2021: Holy Jubilee Year for the Camino de Santiago
Following a year which saw the fewest pilgrims arriving in Santiago de Compostela in more than a decade due to the COVID-19 global pandemic, many are preparing to walk the Way in what will be a very special and important year: the 2021 Holy Year (Jubilee Year) for the Camino de Santiago.
WHAT IS THE CAMINO DE SANTIAGO HOLY YEAR OR JUBILEE YEAR?
In the years in which the Feast of St. James (25th July) falls on a Sunday, that year is celebrated as a Holy Year. Holy Years in Santiago may also be called a Jacobian or Xacobeo Year.
Following the Gregorian calendar, the Holy Year in Santiago will be every 6, 5, 6, and 11 years. The last Holy Year was in 2010 and the next is in 2021. Future Holy Years on the Camino de Santiago will be 2027, 2032, 2038, and 2049.
HOW IS THE HOLY YEAR OR JUBILEE YEAR SPECIAL FOR THE CAMINO DE SANTIAGO?
In 1122 Pope Calixtus II gave the Santiago de Compostela Cathedral the privilege of granting a plenary indulgence to those who visited the shrine of the Apostle during the Holy Year. This is recorded in the Bull, Regis Aeterni, issued by Pope Alexander III in 1179.
During Holy Years, pilgrims completing the Camino de Santiago may enter the Cathedral through the “Holy Door”, which is opened only during those years.
With the promise of plenary indulgence and the opening of the Holy Door, the number of pilgrims walking the Camino during the Holy Year is quite high – often twice or more greater than in other years.
WHAT IS THE HOLY DOOR AT THE SANTIAGO DE COMPOSTELA CATHEDRAL?
Opened only during Holy Years, the Holy Door at the Cathedral in Santiago de Compostela is a small entrance opening into the rear of the Cathedral, almost directly before the tomb of St. James.
According to the Gospel, Jesus said, “I am the door; he who enters through me shall be saved.” (John 10:9) Pilgrims who pass through the Holy Door – regardless of their faith or backgrounds – receive the plenary indulgence, absolved of all sin, and forgiven in the eyes of God.
HOW IS THE CAMINO DE SANTIAGO DIFFERENT DURING A HOLY YEAR?
The number of pilgrims walking the Camino de Santiago during a Holy Year is generally much greater than in other years. Often there are twice as many pilgrims or more making the Camino pilgrimage.
The volume of pilgrims may create unique opportunities for brotherhood as well as infrastructure challenges to support the increased number of pilgrims, such as finding sufficient accommodations during the Holy Year.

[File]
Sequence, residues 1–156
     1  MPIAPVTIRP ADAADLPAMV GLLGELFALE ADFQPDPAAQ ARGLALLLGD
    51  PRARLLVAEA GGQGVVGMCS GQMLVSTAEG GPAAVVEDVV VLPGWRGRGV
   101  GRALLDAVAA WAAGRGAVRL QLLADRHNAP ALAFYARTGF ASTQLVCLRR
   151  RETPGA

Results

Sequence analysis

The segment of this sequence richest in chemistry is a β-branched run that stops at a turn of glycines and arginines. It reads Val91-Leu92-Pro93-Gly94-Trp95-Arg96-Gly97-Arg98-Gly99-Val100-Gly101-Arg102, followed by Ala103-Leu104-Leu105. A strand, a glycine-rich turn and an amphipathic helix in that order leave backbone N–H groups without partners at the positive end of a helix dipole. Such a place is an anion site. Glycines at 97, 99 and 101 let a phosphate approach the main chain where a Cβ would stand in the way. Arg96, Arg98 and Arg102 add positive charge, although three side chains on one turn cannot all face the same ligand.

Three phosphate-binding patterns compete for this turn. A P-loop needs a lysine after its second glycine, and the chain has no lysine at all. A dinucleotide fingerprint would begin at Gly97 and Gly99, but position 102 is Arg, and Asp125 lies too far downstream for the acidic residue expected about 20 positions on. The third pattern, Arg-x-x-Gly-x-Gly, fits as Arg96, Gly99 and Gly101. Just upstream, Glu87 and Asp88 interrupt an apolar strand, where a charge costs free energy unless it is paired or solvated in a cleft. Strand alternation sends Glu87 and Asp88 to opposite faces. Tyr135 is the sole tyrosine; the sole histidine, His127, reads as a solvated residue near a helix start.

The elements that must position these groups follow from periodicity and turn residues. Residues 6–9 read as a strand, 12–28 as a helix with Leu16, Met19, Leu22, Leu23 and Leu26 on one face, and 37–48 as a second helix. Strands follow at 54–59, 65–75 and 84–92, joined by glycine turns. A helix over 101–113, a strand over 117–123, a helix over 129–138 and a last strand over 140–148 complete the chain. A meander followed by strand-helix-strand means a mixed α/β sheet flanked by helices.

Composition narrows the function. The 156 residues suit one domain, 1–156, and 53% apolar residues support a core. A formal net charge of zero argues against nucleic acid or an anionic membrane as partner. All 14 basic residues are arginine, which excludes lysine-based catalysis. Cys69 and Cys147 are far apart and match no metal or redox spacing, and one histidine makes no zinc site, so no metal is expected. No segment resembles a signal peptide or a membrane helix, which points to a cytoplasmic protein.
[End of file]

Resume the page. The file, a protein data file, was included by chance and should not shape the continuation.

HOW IS THE HOLY YEAR DIFFERENT DURING THE COVID PANDEMIC ?
The Holy Year has been extended (now Holy Years) through 2022 to allow pilgrims who may not be able to safely travel to Santiago de Compostela in 2021 to arrive through 2022 to celebrate the Holy Year.
WHICH ROUTES MAY HAVE THE MOST PILGRIMS DURING A HOLY YEAR?
The most popular pilgrimage routes to Santiago during the Holy Year are:
- Camino Frances – entire route but particularly the last 100km from Sarria
- Camino Portugues – the last 100km from Tui
- Camino de Norte – the last 100km from Vilalba
Especially during a Holy Year, Santiago de Compostela is busiest on July 25th – the Feast Day of St. James. The number of pilgrims walking the Camino is usually greatest around this time and lesser after July.
WHICH ROUTES MAY HAVE FEWER PILGRIMS DURING A HOLY YEAR?
While greater than in other years, relatively fewer pilgrims may walk the Camino de Santiago along these routes:
- Camino Primitivo – the “original” route from Oviedo to Santiago
- Camino Ingles – the English Route to Santiago
LEARN MORE ABOUT THE CAMINO DE SANTIAGO
- PILGRIM RESOURCES FOR COVID-19
- CAMINO 101: How Much does it Cost to Walk the Camino de Santiago?
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- Key Differences Between the Camino de Santiago and Via Francigena
Husband. Father. Backpacker. Pilgrim. Author.
My recent treks include the Camino de Santiago through Portugal and Spain as well as section hiking along the Florida Trail and the Appalachian Trail. Provided I can do so safely, in 2021 I’m walking the California Missions Trail in the United States, as well as England’s ancient Pilgrims’ Way from London to Canterbury. Afterward, I’ll begin the Via Francigena, the historic way in Europe connecting Canterbury to Rome.